100 mile range! - Page 3 - Renault Z.E. Forum
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post #21 of 54 (permalink) Old 08-02-2015, 06:32 PM
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RE: 100 mile range!

Because it was designed to keep the speedo at a set rate - which is a killer for range. You need to base your speed on the terrain - sticking to 65 whilst heading up a hill uses more Kw than if you were light footed and used 65 when going downhill but 45 going up!
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post #22 of 54 (permalink) Old 08-02-2015, 06:57 PM
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RE: 100 mile range!

I am not trying to be argumentative but:

1) on flat terrain, nothing beats a good cruise control. Not in a coal fueled car, oops, an ICE car (as it avoids the extra fuel injected when powering up) as in an EV, as it avoids cycle losses through. I can personally vow for this.

2) on mountainous terrain what I hear my co-Zoe-drivers report is that driving there in itself does not really affect their range much (as long as you end your trip "low", hehe, you have to be able to reach the top!). That tells me nothing about using cruise control there of course, though it suggest it's influence in general is low, due to regeneration of course (d'uh!). My personal experience is no better than "hilly-ish", so I will refrain from stating this as "proven".

3) The general truths about 65 being far more inefficient than 45 (or 55!) holds here too of course, but don't forget there are two effects here:
a) more losses in all components when current goes up, partly compensated by the shorter time that current is flowing. I expect this effect to be only marginally better when not using CC, as the bad effect of going up (55 instead of 45) is partly compensated by going downhill slower. The losses count for regeneration too!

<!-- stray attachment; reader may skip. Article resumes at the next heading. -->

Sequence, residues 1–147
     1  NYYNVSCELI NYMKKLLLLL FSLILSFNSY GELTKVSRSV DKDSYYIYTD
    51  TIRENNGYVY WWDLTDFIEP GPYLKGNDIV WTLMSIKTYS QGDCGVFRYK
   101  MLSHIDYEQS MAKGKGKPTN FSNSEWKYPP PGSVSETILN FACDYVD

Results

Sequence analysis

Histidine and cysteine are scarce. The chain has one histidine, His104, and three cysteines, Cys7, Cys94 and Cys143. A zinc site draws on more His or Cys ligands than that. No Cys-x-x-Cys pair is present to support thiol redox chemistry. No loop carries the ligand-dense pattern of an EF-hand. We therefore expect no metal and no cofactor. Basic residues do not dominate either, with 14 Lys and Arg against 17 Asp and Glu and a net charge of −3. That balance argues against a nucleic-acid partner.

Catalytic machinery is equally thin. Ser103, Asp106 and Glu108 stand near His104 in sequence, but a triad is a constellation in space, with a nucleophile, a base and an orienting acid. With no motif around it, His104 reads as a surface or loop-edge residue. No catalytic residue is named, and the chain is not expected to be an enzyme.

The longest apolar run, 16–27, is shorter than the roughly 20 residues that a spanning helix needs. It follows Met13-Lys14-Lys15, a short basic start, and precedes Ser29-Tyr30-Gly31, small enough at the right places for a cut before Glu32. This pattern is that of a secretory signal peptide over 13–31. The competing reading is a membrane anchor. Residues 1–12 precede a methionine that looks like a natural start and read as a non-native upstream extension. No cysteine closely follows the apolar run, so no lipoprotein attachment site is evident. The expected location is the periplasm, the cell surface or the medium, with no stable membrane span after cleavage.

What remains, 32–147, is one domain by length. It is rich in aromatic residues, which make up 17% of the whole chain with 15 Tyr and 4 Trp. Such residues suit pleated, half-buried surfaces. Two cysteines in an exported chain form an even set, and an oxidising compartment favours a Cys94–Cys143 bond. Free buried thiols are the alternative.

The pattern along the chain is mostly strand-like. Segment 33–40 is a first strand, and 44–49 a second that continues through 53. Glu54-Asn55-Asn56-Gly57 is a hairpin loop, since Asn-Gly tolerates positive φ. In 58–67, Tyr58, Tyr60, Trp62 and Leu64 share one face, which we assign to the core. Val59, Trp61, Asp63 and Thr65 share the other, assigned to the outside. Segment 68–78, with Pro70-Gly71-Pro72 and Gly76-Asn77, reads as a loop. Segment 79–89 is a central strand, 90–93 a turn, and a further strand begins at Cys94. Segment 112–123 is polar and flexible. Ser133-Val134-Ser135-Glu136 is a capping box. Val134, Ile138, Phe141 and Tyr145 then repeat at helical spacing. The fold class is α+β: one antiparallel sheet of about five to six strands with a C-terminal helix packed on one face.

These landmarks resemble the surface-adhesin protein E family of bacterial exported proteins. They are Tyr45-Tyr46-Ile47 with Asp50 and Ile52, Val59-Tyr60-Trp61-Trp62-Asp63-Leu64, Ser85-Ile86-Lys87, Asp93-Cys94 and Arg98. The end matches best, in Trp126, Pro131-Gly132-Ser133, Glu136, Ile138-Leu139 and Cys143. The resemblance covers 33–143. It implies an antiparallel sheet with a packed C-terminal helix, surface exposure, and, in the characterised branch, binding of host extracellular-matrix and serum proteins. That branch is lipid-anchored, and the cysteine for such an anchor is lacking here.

b) wind resistance goes up by the 2nd power (and a bit, if I am not mistaken). The 10 faster going down will have a more significant effect than the going up 10 slower. A constant speed is really better in general, resistance-wise.

I would love to see some experimental data!

ps: Now what is REALLY a bad idea is to use CC on a ICE car in mountenous terrain!
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post #23 of 54 (permalink) Old 08-02-2015, 07:32 PM Thread Starter
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RE: 100 mile range!

I'm not really qualified to say whether and under what circumstances cruise might be better, although like Buzby, over the years, I think I've found some merit in losing a bit of speed on uphills and gaining a bit going down.

One thing I have noticed though, which may have some impact, is that if I am in cruise and that is interrupted by the need to brake, when I press resume, the car accelerates much more quickly to get back up to the set speed than I would accelerate without cruise when driving with an eye on economy.
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post #24 of 54 (permalink) Old 08-02-2015, 09:40 PM
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RE: 100 mile range!

[quote=ElectricDave]
I think better cruise control keeping kw and not speed, or you can chose. Uphills whithout loosing speed not good idea.

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post #25 of 54 (permalink) Old 08-03-2015, 04:21 AM
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RE: 100 mile range!